Ethan of Athos by Lois McMaster Bujold
Synopsis from GoodReads
The familiar old SF “planet of women” chestnut is reversed in the planet of Athos — an all-male planet made possible by the invention of the uterine replicator. Ethan, drawn out of his beloved Athos by a quest, finds himself an alien in more mainstream human society, and cannot help but find women disturbing aliens as well, especially the ultra-competent, ultra-beautiful Elli.
Ethan of Athos is Lois McMaster Bujold’s third novel. It departs from the concerns of the Vorkosigan family to explore the ramifications of advanced biotechnology, turning many a cliché on its head along the way.
It’s very refreshing to see the ‘usual’ sci-fi trope of an all-woman planet/race reversed here in Bujold’s Ethan of Athos. In fact, not only does Bujold reverse the gender, but she manages to steer clear of the more common pitfalls, cliches, and annoyances that tend to surround the trope’s usage (usually by male writers. Hmm….).
Like in many of the other Vorkosigan Saga novels, the plot of Ethan touches on ethics, morals, and various viewpoints concerning reproduction. The fact that we see this discussion from the third person limited POV of a gay man from a world without women does, in some ways, limit the discourse. But I don’t think that’s a major problem. Partially because Ethan, like Cordelia Naismith from Bujold’s previous books in the series, is willing to listen to other view points and, also like Cordelia, is an emphatic person. On top of that, some of Bujold’s other novels have already given us some very different viewpoints on the subject, so it’s not as if she’s limiting herself.
In fact, reproduction and family structure seem to be at the heart of many of Bujold’s novels, if not all of them. Or at least play a central role. Cloning, in vitro and in vivo reproduction, genetic tampering pre-birth, ritualized infanticide… all of these and more are issues that Bujold and her characters tackle again and again, in different ways, and with different sub-genres poking in. But over and over, Bujold comes back to families, humanity, and the influence of technology on procreation. I think that’s one of the reasons I keep coming back to Bujold’s novels, even though I have to admit that Miles is definitely not one of my favorite view point characters. Because she is focused on how technology impacts things that I care about.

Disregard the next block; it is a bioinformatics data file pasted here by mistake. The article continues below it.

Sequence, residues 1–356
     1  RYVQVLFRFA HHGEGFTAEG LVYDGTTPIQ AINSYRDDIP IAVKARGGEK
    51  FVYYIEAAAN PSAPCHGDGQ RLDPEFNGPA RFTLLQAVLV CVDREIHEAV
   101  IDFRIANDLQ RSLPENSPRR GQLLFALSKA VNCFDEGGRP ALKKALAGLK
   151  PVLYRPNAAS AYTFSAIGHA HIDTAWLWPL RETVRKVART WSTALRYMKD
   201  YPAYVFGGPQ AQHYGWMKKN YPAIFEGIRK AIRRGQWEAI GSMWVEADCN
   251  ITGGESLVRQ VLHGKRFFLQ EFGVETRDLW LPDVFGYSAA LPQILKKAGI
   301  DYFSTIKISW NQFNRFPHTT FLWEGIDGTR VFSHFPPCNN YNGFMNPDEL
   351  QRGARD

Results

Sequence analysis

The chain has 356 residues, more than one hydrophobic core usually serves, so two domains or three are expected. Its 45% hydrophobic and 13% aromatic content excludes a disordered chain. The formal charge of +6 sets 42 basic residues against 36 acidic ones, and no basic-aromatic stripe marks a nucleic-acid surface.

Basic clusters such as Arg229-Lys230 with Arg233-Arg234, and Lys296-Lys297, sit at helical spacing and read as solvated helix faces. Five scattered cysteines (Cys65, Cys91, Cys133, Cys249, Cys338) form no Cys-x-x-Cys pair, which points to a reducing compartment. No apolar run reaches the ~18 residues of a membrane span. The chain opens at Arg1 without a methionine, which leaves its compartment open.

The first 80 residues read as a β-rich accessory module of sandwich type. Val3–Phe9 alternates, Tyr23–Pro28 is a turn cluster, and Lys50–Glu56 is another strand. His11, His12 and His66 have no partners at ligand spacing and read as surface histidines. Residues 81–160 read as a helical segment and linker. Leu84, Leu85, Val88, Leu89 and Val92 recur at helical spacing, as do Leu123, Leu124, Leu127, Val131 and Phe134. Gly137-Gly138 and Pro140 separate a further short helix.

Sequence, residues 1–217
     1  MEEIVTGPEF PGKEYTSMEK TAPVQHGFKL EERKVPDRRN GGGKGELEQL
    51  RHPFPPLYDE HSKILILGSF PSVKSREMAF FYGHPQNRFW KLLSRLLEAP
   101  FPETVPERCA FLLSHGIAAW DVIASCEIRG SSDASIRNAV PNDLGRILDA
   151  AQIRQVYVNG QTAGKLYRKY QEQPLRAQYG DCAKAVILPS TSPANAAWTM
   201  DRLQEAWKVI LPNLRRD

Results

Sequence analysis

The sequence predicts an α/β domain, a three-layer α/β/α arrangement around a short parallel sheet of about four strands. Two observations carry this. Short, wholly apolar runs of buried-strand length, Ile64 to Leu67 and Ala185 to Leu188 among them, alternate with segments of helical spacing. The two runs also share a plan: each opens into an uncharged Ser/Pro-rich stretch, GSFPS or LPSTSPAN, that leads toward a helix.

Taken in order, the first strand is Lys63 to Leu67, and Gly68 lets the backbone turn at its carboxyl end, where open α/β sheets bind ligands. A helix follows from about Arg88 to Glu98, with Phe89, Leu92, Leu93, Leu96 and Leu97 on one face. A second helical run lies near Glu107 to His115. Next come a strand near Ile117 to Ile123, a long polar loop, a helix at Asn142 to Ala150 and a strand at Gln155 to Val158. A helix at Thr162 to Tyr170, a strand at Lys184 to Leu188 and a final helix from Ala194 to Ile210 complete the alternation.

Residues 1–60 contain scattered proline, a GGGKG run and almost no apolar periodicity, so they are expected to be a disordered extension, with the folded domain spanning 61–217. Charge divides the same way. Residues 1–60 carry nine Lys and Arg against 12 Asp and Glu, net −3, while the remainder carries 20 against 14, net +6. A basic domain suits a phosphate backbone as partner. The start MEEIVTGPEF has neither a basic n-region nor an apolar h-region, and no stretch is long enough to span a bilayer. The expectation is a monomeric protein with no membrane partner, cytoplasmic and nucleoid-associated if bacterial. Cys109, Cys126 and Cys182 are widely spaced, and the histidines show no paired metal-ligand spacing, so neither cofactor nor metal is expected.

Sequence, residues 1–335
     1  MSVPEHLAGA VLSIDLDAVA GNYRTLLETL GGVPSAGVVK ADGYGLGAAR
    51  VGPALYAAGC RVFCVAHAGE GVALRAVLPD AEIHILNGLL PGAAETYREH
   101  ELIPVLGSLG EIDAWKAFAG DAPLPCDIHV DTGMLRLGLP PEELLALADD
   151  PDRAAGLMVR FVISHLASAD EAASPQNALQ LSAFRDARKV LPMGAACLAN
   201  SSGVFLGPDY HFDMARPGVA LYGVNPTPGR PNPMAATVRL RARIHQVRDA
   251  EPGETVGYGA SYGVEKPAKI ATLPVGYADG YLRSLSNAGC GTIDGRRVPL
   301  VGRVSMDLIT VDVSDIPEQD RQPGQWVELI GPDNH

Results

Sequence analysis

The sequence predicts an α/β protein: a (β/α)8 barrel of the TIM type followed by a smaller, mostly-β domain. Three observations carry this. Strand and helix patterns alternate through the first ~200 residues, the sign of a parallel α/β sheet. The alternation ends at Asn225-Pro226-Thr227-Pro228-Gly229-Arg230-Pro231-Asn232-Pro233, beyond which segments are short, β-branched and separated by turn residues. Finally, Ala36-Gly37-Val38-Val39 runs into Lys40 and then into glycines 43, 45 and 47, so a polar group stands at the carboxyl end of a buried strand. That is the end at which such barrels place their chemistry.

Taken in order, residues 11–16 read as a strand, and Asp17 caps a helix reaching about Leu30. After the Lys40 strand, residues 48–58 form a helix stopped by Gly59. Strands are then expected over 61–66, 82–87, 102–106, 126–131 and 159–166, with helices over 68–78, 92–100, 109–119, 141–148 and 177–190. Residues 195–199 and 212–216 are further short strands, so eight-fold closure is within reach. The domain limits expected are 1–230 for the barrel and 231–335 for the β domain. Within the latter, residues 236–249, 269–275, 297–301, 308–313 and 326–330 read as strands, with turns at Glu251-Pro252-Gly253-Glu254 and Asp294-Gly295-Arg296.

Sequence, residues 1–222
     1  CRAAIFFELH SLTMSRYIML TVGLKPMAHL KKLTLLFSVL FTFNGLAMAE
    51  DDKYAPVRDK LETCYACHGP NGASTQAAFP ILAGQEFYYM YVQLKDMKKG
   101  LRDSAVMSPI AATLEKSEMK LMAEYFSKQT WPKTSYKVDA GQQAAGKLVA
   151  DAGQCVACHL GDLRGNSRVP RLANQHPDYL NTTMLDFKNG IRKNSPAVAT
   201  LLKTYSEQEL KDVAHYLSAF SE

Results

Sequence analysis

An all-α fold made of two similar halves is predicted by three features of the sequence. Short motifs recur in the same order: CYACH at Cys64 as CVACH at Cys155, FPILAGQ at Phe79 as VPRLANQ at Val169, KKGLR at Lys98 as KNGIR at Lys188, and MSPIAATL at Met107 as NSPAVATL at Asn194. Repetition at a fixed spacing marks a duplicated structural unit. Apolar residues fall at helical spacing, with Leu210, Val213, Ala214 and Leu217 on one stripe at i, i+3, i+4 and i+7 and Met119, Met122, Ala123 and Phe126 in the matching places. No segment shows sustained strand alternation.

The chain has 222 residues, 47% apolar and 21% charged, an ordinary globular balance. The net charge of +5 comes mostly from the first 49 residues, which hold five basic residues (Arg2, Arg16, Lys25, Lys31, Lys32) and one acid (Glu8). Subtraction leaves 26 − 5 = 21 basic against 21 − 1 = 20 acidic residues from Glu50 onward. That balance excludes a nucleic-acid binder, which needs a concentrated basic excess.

There are some minor quibbles to be found in Ethan of Athos, to be sure. One of them, of course, is that, if you’re female, you might be offended. Ethan is from a planet where women are evil. And so when he finds himself confronted by women… Well, some of his attitudes and reactions are less than flattering. But I was mostly able to shrug that off.
My main issue was that I felt the pacing was inconsistent. I don’t know why. It could be because of the space between reading chunks. But I still felt as if sometimes things moved too quickly and other times they dragged out. The action climax belongs to the first of those while a decent chunk of the middle belongs to the second. And, of course, there’s the novel’s length. My copy clocks in at just shy of 200 pages. That’s short for a sci-fi novel, although Bujold explained in an author’s note that it seemed that publishers were looking for shorter novels when she wrote and submitted it. But it’s still not a lot of space to fit in what is actually quite a bit of story.
Overall, however, I enjoyed Ethan of Athos. And it did leave me ready to return to Miles in the series’s next installment.